I’ll go out on a fairly sturdy limb and suggest that most of Redleg Nation is on board with the decision by Jocketty, Price, et al. Yet, there is a vocal minority that thinks this is a terrible idea with repercussions that will reverberate throughout the season. I chalk up much of this angst to a natural human inability to deal with change—a If It’s Not Broke, Don’t Fix It mentality.

I had an all too predictable debate the other day with a guy who insisted that Chapman the Closer was infinitely more important to the Reds than Chapman the Starter. He, as well as a local scribe (who once covered the Reds in Sarasota), were unmoved by 100 years of historical outcomes that show that teams don’t need a lights out closer, instead clinging to the belief that Chapman’s worth as Closer and Entertainer, who puts fannies in seats, ratcheting up the crowd—ala Charlie Sheen’s fictional “Wild Thing” character—is worth more than he will ever be in the rotation:

“You never played the game and don’t understand it. Esoteric giant piles of stat sheets are the latest fad in sports … They allow armchair “managers” like you, who have no clue what the game feels like on the field between the lines, to develop your own little “pet” theories that turn into delusions of righteousness, while ignoring the other, equal important aspect; intangibles. I’ve yet to see any of your stats quantify motivation, confidence, effort, or momentum, and I dare say because, one, you have no real understanding of them, and two, they’re not quantifiable except by the best computer of all, the human brain. … Perhaps someday you’ll wake up and realize your stat sheet proofs of your heavily blog marketed theorems are just paper tigers waiting to line the cage floors of the real life tigers out there, who include in their victory arsenal things not found on geeky spreadsheets.”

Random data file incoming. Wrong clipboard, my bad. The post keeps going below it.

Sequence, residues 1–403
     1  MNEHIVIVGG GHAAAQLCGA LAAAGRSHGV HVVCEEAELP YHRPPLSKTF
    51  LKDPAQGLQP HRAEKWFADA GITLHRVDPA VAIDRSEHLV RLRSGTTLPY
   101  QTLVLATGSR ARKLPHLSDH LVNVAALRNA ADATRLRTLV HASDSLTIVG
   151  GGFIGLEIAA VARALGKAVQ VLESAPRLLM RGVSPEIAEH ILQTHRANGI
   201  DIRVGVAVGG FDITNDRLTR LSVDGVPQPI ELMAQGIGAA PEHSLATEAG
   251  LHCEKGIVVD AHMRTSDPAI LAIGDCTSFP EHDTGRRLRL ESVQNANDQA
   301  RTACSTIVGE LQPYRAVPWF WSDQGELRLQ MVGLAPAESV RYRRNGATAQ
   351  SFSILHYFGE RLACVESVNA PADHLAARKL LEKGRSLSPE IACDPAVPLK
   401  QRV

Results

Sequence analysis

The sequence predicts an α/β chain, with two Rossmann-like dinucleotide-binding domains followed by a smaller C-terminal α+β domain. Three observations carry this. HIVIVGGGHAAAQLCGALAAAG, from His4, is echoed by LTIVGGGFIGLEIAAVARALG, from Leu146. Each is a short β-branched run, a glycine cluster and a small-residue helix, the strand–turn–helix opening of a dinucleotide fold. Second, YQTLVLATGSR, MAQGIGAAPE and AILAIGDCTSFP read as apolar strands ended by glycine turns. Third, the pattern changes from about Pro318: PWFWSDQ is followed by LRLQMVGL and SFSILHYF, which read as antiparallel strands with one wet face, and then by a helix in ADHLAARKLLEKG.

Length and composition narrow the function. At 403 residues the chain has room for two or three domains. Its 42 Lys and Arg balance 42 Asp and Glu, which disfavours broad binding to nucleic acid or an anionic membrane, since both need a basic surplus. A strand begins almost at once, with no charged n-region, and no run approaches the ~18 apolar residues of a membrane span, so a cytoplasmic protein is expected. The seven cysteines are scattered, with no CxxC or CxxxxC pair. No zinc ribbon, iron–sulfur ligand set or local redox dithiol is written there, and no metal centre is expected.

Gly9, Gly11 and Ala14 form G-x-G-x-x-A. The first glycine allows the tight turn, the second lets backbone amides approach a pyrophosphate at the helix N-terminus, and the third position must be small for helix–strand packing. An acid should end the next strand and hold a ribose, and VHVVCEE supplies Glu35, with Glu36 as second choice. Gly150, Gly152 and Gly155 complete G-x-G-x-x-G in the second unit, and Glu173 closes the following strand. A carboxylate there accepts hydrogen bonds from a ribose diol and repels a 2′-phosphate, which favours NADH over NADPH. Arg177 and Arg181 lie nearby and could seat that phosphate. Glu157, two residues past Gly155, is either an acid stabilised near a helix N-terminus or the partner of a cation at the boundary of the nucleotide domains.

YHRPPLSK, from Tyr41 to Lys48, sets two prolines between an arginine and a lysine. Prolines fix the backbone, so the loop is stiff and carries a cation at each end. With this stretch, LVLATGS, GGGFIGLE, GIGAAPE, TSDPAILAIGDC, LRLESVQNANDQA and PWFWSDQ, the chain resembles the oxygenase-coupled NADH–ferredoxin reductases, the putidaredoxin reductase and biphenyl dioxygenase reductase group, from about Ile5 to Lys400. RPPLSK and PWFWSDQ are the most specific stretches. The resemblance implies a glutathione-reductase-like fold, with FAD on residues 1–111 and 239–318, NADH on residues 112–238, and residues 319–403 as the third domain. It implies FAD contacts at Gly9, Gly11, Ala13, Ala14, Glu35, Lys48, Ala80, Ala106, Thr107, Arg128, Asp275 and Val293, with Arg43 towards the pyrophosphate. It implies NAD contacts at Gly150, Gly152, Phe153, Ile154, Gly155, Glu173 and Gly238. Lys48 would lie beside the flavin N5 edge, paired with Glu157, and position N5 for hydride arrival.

Well, alright then.

Classic stuff. Like a door-to-door salesman summarily kicked off the front porch without so much as a word, the mere mention of anything with even a whiff of numbers beyond the usual AVG or RBI variety routinely gets a screen door to the face. Never mind that what I was offering wasn’t advanced metrics, but historical outcomes of games, mere percentages illustrating that taking the mound with even the slimmest of leads in the ninth results in overwhelming success, whether the guy on the mound is named Mariano Rivera or Virgil Trucks. I can’t imagine what war would have broken out had I brought up the subject of … well, WAR.

Sorry, no sale, Propeller Head.

Keep in mind though, that it’s not merely Joe Fan who has trouble with any deviation from the norm, but also the “experts.” On MLB’s 30 Clubs in 30 Days, Al Leiter and Larry Bowa both made a case for keeping Chapman where he is, with Leiter being particularly adamant: